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Face transplants

What's in a name? Nothing — at least compared to what's in a face.


Dr. John H. Barker
That's the opinion of Dr. John H. Barker, M.D., Ph.D., a plastic surgeon at the University of Louisville.

"A name can be changed easily," he says. "But a face, that is one of the most intimate parts of your being."

Contemplation Dr. Barker spends a lot of time contemplating faces. The founder and director of the University's Plastic Surgery Research Laboratories and his team have worked around-the-clock for several years to pioneer a groundbreaking procedure: face transplants. Designed to aid the extremely disfigured — mostly victims of severe burns or horrendous accidents — the operation involves removing the face from a cadaver and transferring it to a living patient.

Dr. Barker has become used to stepping out of the lab and into the spotlight.

Although over the years his research has led to five new surgical treatments, he first attracted mainstream media attention when his team pioneered a drug cocktail that led to the world's first hand transplant in 1998. And although hedoesn't practice clinically, all of his research focuses on treatments that "will have a direct impact on patients."

He has dedicated much of his professional and private life to "trying to make a difference."

Outside of his work, he has instituted several programs that provide humanitarian assistance in Latin America.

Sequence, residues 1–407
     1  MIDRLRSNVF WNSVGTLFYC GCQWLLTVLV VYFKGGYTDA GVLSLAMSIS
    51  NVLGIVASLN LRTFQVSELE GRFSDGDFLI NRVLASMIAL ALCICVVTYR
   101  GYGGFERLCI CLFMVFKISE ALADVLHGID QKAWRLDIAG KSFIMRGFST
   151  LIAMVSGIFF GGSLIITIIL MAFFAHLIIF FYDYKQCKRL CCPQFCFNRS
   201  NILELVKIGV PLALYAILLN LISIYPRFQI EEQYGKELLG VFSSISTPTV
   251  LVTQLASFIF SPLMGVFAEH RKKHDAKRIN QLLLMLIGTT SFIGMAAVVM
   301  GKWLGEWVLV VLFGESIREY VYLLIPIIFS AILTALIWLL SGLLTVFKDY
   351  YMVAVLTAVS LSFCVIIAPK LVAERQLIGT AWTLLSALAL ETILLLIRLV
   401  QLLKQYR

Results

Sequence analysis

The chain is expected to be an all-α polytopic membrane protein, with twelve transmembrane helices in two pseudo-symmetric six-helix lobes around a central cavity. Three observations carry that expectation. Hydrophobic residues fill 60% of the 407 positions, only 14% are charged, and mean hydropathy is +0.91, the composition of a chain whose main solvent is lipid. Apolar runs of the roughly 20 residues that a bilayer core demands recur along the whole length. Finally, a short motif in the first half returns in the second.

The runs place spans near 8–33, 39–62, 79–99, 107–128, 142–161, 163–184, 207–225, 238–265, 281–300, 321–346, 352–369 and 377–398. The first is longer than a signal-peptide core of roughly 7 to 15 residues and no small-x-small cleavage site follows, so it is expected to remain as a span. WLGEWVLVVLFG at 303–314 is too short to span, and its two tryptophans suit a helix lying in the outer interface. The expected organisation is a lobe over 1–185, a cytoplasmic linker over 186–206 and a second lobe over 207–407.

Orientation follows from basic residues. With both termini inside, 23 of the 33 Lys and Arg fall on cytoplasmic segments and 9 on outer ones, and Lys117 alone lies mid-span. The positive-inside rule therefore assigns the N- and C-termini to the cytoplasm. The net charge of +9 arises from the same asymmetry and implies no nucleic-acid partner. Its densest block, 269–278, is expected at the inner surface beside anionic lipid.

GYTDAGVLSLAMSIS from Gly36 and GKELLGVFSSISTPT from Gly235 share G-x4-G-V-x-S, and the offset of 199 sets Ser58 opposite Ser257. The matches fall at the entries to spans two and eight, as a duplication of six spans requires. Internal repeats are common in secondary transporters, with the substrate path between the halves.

Shrugs off controversy As for the ongoing controversy surrounding face transplants, Dr. Barker shrugs it off.

"All new surgical procedures get criticized," he says.

That's why Dr. Barker takes his message on the road. From large professional conferences to small college and primary school classrooms, he acknowledges the concerns of his critics. Yes, there may be complications with the anti-rejection drugs, but they are the same complications experienced by tens of thousands of kidney transplant recipients who are receiving the same medications, he says. And, of course, there will be many psychosocial risks when the face of one person is transferred to another.

"But we believe, and the results of our research demonstrate, that the benefits are much greater than the risks," he says. "Just ask someone who has lived with an extremely disfigured face for years."

Dr. Barker stresses that face transplantation is not cosmetic surgery, adding that the proliferation of reality makeover shows on TV does more to harm efforts than to promote them.

"We have been asked to appear on one of these programs," he says. "This would only have destroyed all the efforts we've made to educate the public."

'Family business' Growing up in Santa Barbara, Dr. Barker always knew that he would join the "family business."

"My father and my grandfather were doctors. I didn't know you could do anything else for a living," he says. "Maybe if I had known, I would have been an architect," he jokes, citing his passion for remodeling the large, old Victorian house he shares with his wife, Vera, a plastic surgeon, and their toddler son and infant daughter.

And although he didn't anticipate a career in research, he recalls where the seeds were first sown.

"Oh, I was always entering projects in science fairs," he says. "In one of my first science fair projects,I transplanted tails and legs in rats and cheek pouches in hamsters."


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